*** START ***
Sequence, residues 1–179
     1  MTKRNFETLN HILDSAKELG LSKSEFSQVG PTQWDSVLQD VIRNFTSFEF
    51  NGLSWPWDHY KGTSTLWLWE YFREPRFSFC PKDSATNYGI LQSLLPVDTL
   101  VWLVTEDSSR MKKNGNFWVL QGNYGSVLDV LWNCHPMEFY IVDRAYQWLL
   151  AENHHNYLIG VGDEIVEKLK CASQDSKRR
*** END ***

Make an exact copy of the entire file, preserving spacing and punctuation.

Sequence, residues 1–179
     1  MTKRNFETLN HILDSAKELG LSKSEFSQVG PTQWDSVLQD VIRNFTSFEF
    51  NGLSWPWDHY KGTSTLWLWE YFREPRFSFC PKDSATNYGI LQSLLPVDTL
   101  VWLVTEDSSR MKKNGNFWVL QGNYGSVLDV LWNCHPMEFY IVDRAYQWLL
   151  AENHHNYLIG VGDEIVEKLK CASQDSKRR